Talking to your child about lockdown drills

kids-1093758_960_720

Sending a child to school for the first time can be a nerve-racking experience for any parent. Now, in addition to normal concerns such as bullying and separation anxiety, parents are worried about school safety. With active-shooter situations on the rise, teachers and students must regularly participate in lockdown drills. And while these drills are intended to prepare the students for an unlikely disaster, they could make some children anxious.

It’s important to know how to talk to your children about active shooter/lockdown drills. Given the delicate nature of the topic, you’ll want to discuss the issue in a way that provides an appropriate amount of information while also easing any concerns your child may have. Here are a few things to consider:

Know the school’s procedures. Not all schools handle lockdown drills the same way. It’s important to understand what takes place so you can answer your child’s questions. You may also want to ask the school for advance notice of scheduled drills. If your child is naturally hesitant about discussing frightening topics, you could monitor his or her mood and, if necessary, talk about it.

Check your reactions. Children are incredibly intuitive. Just as you would teach your child how to cross the street without inciting fear and trepidation about cars, it’s important to stay calm and rational when discussing a lockdown drill. In a society that is often hyper-focused on safety, it helps to instill in your child a healthy relationship between fear and risk. Children who are afraid to go to school because they fear a potential active shooter incident, for instance, will probably not be productive and may carry their anxieties into other areas of life. Instead, create an environment where your child is comfortable talking with you about lockdowns and other tough topics.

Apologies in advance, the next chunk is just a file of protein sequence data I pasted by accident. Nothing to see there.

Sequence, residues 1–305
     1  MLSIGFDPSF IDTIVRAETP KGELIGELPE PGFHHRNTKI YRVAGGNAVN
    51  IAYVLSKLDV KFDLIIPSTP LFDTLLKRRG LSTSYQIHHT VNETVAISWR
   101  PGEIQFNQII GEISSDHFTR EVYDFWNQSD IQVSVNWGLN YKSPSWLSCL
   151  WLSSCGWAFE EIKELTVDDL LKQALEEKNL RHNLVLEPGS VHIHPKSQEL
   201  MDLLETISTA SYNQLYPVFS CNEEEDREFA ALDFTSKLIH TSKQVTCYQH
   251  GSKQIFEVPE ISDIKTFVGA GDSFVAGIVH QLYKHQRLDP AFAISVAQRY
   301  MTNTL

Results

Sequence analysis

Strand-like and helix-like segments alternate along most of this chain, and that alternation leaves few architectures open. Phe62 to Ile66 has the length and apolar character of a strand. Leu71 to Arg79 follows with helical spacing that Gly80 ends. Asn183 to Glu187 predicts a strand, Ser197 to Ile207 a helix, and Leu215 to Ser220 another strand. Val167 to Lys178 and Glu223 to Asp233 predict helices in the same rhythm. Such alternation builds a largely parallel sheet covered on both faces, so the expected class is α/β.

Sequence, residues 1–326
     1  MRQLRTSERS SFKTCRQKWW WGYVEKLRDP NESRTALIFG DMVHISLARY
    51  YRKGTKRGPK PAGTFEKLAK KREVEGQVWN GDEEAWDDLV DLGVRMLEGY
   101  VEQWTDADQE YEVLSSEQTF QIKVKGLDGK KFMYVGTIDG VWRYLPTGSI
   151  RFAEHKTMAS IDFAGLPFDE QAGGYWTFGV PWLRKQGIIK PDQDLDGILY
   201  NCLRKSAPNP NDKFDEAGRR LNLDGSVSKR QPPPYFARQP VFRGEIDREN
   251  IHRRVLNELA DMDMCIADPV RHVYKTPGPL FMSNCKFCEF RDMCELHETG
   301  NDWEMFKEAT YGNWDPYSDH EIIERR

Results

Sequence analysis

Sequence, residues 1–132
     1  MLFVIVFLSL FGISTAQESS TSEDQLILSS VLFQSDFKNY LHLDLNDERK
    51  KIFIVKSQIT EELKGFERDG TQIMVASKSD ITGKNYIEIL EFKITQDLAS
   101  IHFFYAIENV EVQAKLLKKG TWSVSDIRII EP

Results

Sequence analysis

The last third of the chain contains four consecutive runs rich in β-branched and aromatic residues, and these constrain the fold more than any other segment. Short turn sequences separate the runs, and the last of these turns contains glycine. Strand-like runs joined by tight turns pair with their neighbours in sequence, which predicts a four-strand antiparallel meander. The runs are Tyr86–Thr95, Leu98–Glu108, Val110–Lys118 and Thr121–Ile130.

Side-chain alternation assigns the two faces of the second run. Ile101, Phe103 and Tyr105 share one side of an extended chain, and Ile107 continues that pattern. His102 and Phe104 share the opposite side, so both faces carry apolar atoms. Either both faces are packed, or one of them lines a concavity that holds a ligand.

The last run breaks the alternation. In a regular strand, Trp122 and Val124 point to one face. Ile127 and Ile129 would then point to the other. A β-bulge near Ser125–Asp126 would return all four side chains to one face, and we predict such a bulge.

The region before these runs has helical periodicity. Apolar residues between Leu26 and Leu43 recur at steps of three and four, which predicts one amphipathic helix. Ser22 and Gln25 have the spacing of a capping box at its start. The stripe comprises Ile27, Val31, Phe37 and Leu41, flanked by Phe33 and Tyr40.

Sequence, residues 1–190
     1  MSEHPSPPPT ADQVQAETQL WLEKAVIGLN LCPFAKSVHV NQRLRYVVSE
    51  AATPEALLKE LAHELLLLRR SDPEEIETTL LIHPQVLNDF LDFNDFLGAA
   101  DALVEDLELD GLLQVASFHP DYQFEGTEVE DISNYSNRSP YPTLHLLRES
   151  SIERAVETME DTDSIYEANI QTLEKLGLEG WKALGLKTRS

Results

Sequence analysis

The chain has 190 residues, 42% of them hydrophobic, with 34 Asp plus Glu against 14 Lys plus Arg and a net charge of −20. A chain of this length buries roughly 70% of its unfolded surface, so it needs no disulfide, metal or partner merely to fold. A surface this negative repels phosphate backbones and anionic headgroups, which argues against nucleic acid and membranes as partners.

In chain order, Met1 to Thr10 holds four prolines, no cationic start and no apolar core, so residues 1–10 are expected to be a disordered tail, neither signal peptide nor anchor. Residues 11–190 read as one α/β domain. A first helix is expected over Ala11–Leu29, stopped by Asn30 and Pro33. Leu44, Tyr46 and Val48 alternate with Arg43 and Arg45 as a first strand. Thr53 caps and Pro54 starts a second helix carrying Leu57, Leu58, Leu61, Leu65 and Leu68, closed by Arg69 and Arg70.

Be prepared to answer questions. Kids love to ask questions. When you answer, be sure to use age-appropriate language and remind your child that safety is the school’s top priority. Just as there are rules on the playground to keep children safe, there are rules during a lockdown drill. If your child presses for more information, tailor your response to his or her maturity level. Younger children do not need specifics. Simply explain that sometimes people make poor choices and that the school wants to protect the students and teachers. Always encourage your child to be a good listener and a good helper during the drills.

While no parent likes the thought of their child participating in lockdown drills, most would agree it’s best to be prepared. So stay calm, answer questions appropriately and do your best to reduce your child’s anxiety.

David Lowenstein, Ph.D. is a psychologist and the clinical director of Lowenstein & Associates, Inc. in Columbus, Ohio. In addition to providing therapeutic services to individuals and families, he offers training and consultation to numerous associations, schools and agencies around the country. Additionally, he is a frequent radio and TV guest and a resource and contributing writer for numerous newspapers and magazines nationwide. Contact Dr. David Lowenstein at 691 South Fifth Street, Columbus, Ohio, 43206, or call 614.443.6155 or 614.444.0432.